"...the Imagination (or love, or sympathy, or any other sentiment) induces knowledge, and knowledge of an 'object' which is proper to it..."
Henry Corbin (1903-1978) was a scholar, philosopher and theologian. He was a champion of the transformative power of the Imagination and of the transcendent reality of the individual in a world threatened by totalitarianisms of all kinds. One of the 20th century’s most prolific scholars of Islamic mysticism, Corbin was Professor of Islam & Islamic Philosophy at the Sorbonne in Paris and at the University of Teheran. He was a major figure at the Eranos Conferences in Switzerland. He introduced the concept of the mundus imaginalis into contemporary thought. His work has provided a foundation for archetypal psychology as developed by James Hillman and influenced countless poets and artists worldwide. But Corbin’s central project was to provide a framework for understanding the unity of the religions of the Book: Judaism, Christianity and Islam. His great work Alone with the Alone: Creative Imagination in the Sufism of Ibn ‘Arabi is a classic initiatory text of visionary spirituality that transcends the tragic divisions among the three great monotheisms. Corbin’s life was devoted to the struggle to free the religious imagination from fundamentalisms of every kind. His work marks a watershed in our understanding of the religions of the West and makes a profound contribution to the study of the place of the imagination in human life.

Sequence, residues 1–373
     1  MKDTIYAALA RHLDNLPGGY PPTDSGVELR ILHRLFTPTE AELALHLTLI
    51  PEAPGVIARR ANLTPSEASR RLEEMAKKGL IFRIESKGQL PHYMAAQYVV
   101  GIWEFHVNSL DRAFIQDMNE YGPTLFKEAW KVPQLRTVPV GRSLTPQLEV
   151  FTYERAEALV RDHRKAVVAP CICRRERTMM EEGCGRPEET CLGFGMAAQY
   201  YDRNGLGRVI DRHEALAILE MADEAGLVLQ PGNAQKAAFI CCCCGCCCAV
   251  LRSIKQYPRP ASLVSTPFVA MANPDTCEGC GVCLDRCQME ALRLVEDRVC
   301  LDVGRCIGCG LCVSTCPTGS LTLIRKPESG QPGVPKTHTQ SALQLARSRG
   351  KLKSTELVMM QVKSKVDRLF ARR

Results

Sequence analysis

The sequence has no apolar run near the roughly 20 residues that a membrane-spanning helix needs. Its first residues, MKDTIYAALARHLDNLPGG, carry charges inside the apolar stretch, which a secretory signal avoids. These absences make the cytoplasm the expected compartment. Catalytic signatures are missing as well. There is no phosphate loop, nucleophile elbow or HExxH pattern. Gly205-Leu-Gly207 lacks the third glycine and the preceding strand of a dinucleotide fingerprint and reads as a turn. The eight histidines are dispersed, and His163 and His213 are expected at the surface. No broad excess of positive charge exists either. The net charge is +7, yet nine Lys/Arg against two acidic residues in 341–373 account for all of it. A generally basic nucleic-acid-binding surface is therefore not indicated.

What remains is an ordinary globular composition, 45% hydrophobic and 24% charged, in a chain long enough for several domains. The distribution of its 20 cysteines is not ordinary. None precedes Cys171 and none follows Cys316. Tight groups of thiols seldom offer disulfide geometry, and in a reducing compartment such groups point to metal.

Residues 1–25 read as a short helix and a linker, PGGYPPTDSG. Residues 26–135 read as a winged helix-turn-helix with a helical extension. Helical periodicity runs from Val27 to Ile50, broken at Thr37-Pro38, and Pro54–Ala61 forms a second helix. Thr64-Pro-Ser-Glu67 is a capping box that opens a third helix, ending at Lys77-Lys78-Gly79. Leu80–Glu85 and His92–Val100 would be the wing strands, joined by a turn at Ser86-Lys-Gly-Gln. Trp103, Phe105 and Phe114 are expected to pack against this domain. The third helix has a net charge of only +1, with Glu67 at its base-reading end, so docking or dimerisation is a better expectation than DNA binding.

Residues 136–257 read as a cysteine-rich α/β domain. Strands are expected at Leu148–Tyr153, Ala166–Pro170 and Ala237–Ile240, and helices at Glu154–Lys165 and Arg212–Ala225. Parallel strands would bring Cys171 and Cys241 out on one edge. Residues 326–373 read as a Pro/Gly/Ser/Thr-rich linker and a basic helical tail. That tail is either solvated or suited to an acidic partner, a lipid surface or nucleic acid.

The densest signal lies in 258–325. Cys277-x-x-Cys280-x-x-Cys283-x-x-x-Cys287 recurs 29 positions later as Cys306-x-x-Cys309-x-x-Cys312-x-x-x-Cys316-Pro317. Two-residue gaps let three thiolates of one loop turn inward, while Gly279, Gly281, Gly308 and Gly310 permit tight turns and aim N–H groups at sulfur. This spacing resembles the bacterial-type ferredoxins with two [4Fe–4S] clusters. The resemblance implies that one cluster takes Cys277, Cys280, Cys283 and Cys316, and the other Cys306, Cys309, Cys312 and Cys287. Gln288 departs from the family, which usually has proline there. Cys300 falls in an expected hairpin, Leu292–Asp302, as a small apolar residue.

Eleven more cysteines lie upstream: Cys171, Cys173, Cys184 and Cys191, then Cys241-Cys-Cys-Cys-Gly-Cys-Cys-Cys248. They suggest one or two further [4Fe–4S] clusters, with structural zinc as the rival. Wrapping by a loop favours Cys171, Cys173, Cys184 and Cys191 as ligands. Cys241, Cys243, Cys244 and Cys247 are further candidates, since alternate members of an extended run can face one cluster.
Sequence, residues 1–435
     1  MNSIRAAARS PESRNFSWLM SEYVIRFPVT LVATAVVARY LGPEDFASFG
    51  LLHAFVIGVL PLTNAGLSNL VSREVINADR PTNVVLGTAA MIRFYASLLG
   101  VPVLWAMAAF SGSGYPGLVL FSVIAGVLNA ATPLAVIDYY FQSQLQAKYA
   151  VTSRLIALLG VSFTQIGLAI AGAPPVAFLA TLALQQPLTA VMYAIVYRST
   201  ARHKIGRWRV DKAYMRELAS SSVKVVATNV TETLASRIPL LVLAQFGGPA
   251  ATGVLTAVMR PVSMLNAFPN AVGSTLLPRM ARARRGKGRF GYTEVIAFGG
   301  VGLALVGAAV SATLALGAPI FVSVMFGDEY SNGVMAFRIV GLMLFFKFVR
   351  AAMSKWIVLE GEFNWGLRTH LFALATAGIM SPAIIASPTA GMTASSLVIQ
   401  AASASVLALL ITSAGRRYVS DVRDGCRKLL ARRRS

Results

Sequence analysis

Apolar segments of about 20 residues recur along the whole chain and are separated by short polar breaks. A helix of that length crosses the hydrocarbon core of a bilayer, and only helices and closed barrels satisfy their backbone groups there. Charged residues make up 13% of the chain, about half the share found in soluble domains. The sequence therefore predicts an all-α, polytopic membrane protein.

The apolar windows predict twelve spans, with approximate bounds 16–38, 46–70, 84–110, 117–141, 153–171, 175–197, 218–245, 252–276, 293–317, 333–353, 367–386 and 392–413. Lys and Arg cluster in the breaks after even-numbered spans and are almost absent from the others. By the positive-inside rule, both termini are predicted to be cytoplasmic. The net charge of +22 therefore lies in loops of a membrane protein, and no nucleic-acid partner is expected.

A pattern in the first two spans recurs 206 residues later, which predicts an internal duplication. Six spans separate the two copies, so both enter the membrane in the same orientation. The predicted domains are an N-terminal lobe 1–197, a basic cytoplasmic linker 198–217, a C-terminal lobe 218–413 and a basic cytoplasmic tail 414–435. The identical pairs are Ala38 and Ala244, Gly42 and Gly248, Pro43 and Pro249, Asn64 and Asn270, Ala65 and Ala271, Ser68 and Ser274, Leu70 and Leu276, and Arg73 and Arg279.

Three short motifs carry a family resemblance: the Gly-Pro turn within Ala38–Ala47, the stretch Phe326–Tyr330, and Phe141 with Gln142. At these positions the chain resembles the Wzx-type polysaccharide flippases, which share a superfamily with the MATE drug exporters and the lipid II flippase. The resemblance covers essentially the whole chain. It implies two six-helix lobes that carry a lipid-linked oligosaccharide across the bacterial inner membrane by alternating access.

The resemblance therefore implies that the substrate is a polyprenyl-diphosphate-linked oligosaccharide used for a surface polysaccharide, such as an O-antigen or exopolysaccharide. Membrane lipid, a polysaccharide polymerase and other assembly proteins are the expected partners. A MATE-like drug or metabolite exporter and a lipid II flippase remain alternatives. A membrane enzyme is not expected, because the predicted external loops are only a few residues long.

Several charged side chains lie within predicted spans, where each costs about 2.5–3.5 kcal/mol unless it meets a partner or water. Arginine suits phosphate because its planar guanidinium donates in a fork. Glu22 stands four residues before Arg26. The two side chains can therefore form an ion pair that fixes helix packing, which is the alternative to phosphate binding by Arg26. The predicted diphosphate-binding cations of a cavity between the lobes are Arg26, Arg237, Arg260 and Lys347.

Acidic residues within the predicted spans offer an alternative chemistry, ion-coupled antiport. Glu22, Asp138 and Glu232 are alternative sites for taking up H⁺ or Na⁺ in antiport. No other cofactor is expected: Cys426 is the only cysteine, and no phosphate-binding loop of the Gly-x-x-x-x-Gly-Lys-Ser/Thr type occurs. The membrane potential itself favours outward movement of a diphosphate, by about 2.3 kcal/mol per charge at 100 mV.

Search The Legacy of Henry Corbin: Over 800 Posts

Friday, June 3, 2011

New from William Chittick

In Search of the Lost Heart: Explorations in Islamic Thought

William C. Chittick - Author
Mohammed Rustom - Editor
Atif Khalil - Editor
Kazuyo Murata - Editor

Renowned scholar William C. Chittick explores the worldview of Islam in a series of essays written over thirty-six years.

In Search of the Lost Heart brings together twenty-six essays by William C. Chittick, renowned scholar of Sufism and Islamic philosophy. Written between 1975 and 2011, most of these essays are not readily available in Chittick’s own books. Although this is a collection, its editors have crafted it to be a book “sufficient unto itself, which, when taken as a whole, can be said to explore the underlying worldview of Islam.”

Chittick draws upon the writings of towering figures such as Ibn al-‘Arabi, Rumi, and Mulla Sadra, as well as other important, but lesser-known thinkers, as he engages with a wide variety of topics, such as the nature of being and knowledge, the relationship between love and scriptural hermeneutics, the practical and theoretical dimensions of Islamic mysticism, the phenomenon of religious diversity, and the ecological crisis.

William C. Chittick is Professor of Religious Studies at Stony Brook University, State University of New York. He is the author and translator of numerous books and articles on Islamic thought, Sufism, Shi‘ism, and Persian literature. His books include The Self-Disclosure of God: Principles of Ibn al-‘Arabi’s Cosmology; Imaginal Worlds: Ibn al-‘Arabi and the Problem of Religious Diversity; Faith and Practice of Islam: Three Thirteenth-Century Sufi Texts; The Sufi Path of Knowledge: Ibn al-‘Arabi’s Metaphysics of Imagination; The Sufi Path of Love: The Spiritual Teachings of Rumi; and A Shiite Anthology, all published by SUNY Press. Mohammed Rustom is Assistant Professor of Religious Studies at Carleton University. Atif Khalil is Assistant Professor of Religious Studies at the University of Lethbridge. Kazuyo Murata is a doctoral candidate in Islamic Studies at Yale University.

No comments:

Post a Comment